Initially, Dottie made guest appearances on Now Queer This once a month. After the program was canceled, she got her own 3-minute spots. She currently appears every Friday at 3 p.m. and Saturday at 10 a.m. on KRCL. It’s really not surprising that Dottie’s persona outgrew these small time slots. She needed her own stage show. One that could deliver a more positive message than say… Broke Back Mountain, which in the end shows if you’re gay, you’re going to get fag-bashed and live in a trailer for the rest of your life. It took some convincing to get Frost on board. He feared actualizing the character and putting himself out there to be judged. He was quite comfortable living Dottie behind the mic, but worried about being able to deliver her joie de vivre with the same bravado.
Well thank god he got over it, because what trans-pired was The Passion of Sister Dottie S. Dixon, a powerful show that profiles a woman who, like Joan of Arc, is fiercely loyal to her convictions and fights a battle to stay true them in a hysterically endearing way. It premiered last May at Rose Wagner Theater and every performance sold out.
Luckily, Dottie received a ‘calling’ to bring it back with more spirit than ever. A newly revised The Passion of Sister Dottie S. Dixon: Second Helpings will open up Oct. 2 -25 at Pygmalion Theater Co.
I hope I’ve helped to inspire you into finding that amazing drag hag within. Caress it, embrace it and when you hit a rough patch of creative developmental block, I want you to drop to your knees, brothers and sisters, raise your arms to the Lard and shout, What would Sister Dottie do!
Five things you didn’t know about Dottie Dixon:
SLUG: Favorite thing to cook?
Dottie Dixon: Well kid, I’m known fer ma famous dishes such as Common Ground Beef Casserole, Patatas and Peas and Horseradish Cobbler and what not. But I guess ma favert thing would haveta be ma famous Marmon Cookie Salad. After all, it got me on the front cover of Wasatch Women, and that’s not something ya can shake a finger at!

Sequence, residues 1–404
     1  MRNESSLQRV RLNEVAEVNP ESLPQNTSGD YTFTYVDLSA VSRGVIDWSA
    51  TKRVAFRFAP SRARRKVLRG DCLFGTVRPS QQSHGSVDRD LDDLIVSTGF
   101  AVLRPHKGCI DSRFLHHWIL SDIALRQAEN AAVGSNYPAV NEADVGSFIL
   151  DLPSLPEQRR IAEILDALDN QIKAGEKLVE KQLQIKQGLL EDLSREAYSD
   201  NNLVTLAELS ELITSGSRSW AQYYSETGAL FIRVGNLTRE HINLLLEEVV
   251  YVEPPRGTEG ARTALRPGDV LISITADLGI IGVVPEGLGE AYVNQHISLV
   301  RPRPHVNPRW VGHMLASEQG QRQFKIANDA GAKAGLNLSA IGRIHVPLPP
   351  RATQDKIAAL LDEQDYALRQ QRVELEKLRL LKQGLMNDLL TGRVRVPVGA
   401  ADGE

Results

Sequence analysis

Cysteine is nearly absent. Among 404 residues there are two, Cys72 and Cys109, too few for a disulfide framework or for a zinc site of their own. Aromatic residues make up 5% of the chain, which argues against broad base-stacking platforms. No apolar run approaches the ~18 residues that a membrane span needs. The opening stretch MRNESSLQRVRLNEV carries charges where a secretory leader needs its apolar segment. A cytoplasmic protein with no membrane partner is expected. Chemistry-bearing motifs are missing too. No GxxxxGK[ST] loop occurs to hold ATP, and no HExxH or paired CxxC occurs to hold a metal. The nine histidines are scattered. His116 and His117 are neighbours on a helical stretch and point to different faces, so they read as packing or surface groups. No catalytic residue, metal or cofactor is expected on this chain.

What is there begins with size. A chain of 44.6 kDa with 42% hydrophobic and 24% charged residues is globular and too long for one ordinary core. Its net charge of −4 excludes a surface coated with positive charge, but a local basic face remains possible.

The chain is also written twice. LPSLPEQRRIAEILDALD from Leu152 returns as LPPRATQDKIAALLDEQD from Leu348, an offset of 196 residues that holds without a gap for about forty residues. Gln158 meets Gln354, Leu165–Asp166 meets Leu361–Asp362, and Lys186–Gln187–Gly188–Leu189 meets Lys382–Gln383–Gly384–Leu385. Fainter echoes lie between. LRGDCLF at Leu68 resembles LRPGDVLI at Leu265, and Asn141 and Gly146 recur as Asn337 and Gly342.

SLUG: Favorite Mormon swear word?
Dixon: “Donnie you little shit!” I have ta admit I’ve said it enough in this life to git me permanently assigned ta the Terrestrial Kingdom when I die. I just hope the good Lard is fergivin’ on this one.
SLUG: Luxury item on Survivor?
Dixon: Cases & cases of Jumbo Diet Dr. Pepper. You simply don’t want ta be around me when I haven’t had enough in one given day. Nothing better than a Jumbo Diet DP and a Xanax. Either that er the onion loops downta Glade’s Drive Inn.
SLUG: Favorite Temple? Why?
Dixon: Well it hasta be The Provo Temple I guess, cuz that’s where me and ma Don was married. But it certainly ain’t the prettiest. I’d have ta give ma vote fer prettiest ta the St. Garge Temple I guess, all that white against that red rock of Southern Utah, it simply takes yer breath away kid. Plus it is the only place in Utah you can find Palm Trees. Lawsie––that should say somethin’!
SLUG: What did you last spend money on?
Dixon: Cartons and cartons of Hubby-Hubby Ice Cream, Ben & Jerry’s new flavor. It replaced Chubby Hubby, in honor of Vermont legalizing gay marriage and what not. I was sa proud of those creative folks overta the Ben & Jerry’s factery. Donnie and I bought up every carton in every 7-11 in Utah County, and held a big old-fashioned Ice Cream Social fer Donnie and all his gay friends, in hope that one day Utah may be as wise and enlightened as Vermont! Don’t hold yer breath honey! What flavor of ice cream will Ben & Jerry’s create when that marvelous day arrives, maybe Elder-Elder Elderberry? Hell, maybe I’ll just create it, and send that idea right to em’! Nothin’ like bein’ prepared fer when pigs start flyin’!